[erlang-questions] VM leaking memory

Frank Muller frank.muller.erl@REDACTED
Thu Jan 31 23:26:22 CET 2019

The refc binary is the one using most of VM’s memory (in GB) compared to
other allocators (few MB).


Thanks Fred. Your recon library helped me a lot with additional tools like
> observer_cli (which wraps most of recon calls in a nice console GUI):
> https://github.com/zhongwencool/observer_cli/blob/master/README.md
> I’ve most of these information in my possession as I said to share in
> private. I will try the other ideas and report back.
> /Frank
> On 01/31, Frank Muller wrote:
>> >After adding a new feature to my app (running non-stop for 5 years), it
>> >started leaking memory in staging.
>> >
>> >Obviously, I’m suspecting this new feature. Command top shows RES going
>> >from 410m (during startup) to 6.2g in less than 12h.
>> >
>> >For stupid security reasons, it will take me weeks to be allowed to share
>> >collected statistics (from recon, entop) here, but I can share them in
>> >private if someone is willing to help.
>> >
>> I'd recommend checking things like:
>> - recon_alloc:memory(usage) and see if the ratio is high or very low;
>>   this can point towards memory fragmentation if the ratio is low.
>> - in case there is fragmentation (or something that looks like it)
>>   recon_alloc:fragmentation(current) will return lists of all the
>>   various allocators and types, which should help point towards which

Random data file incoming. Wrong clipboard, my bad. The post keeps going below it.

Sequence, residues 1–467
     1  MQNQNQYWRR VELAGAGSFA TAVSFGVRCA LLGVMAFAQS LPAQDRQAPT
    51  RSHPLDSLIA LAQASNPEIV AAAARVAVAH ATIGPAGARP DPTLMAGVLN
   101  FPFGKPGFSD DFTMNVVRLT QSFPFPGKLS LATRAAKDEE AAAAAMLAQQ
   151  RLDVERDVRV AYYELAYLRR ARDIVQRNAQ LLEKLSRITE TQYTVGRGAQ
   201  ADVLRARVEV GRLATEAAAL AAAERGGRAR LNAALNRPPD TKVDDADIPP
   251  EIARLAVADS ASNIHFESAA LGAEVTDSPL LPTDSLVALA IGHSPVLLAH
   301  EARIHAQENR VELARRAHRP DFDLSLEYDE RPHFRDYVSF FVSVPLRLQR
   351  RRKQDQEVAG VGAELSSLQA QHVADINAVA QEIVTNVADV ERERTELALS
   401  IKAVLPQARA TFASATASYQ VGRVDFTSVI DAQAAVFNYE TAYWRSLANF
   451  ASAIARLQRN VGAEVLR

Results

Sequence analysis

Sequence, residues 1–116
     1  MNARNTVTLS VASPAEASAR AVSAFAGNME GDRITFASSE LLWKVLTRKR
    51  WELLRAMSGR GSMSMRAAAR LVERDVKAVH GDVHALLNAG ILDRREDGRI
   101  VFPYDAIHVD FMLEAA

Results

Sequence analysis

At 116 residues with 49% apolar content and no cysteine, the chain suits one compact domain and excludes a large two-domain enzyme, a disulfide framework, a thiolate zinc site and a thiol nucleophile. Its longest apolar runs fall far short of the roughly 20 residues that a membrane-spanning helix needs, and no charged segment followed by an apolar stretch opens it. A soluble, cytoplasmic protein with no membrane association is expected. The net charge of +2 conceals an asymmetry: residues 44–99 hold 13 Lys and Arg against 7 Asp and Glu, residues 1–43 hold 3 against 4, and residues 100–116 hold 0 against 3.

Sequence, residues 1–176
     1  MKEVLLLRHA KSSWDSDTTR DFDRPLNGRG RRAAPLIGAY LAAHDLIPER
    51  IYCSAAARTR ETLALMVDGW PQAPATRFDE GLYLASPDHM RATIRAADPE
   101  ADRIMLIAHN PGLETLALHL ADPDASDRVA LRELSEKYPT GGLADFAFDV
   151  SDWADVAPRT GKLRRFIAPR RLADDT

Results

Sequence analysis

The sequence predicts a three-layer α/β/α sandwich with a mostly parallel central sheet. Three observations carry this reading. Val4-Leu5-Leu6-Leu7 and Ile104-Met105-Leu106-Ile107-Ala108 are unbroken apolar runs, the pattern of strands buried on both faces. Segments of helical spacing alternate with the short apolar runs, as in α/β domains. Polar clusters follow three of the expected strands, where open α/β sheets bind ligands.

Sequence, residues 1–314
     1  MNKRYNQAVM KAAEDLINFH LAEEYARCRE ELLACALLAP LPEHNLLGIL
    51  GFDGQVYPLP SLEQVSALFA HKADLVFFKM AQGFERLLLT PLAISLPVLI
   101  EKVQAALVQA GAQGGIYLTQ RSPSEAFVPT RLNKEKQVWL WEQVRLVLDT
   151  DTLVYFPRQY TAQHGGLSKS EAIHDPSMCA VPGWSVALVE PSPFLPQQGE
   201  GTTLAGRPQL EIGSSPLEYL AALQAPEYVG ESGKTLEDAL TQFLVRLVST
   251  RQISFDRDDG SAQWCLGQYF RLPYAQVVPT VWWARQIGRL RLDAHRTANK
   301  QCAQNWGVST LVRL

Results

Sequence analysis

>>   type of memory is causing issues
>> - if usage seems high, see recon_alloc:memory(allocated_types) to see if
>>   there's any allocator that's higher than others; ETS, binary, or eheap
>>   will tend to point towards an ETS table, a refc binary leak, or some
>>   process gathering lots of memory
>> Based on this it might be possible to then orient towards other avenues
>> without you having to share any numbers.
>> Quick checks if it's binary memory is to call recon:bin_leak(10), which
>> will probe all processes for their binary memory usage, run a GC on all
>> of them, then run a probe again, and give you those that have the
>> largest gap. This can point to processes that had the most dead memory.
>> There's an undocumented 'binary_memory' option that recon:info,
>> recon:proc_count, and recon:proc_window all support -- it's undocumented
>> because it might be expensive and not always safe to run -- that you can
>> use to find which processes are holding the most binary memory; after a
>> call to bin_leak, this can let you know about biggest users.
>> You can also use proc_count with:
>> - message_queue_len for large mailboxes
>> - memory for eheap usage
>> You can use the same values with proc_window to see who is currently
>> allocating the most.
>> If ETS is taking a lot of place, calling ets:i() can show a bunch of
>> tables with content; you might have a runaway cache table or something
>> like that.
>> Regards,
>> Fred.
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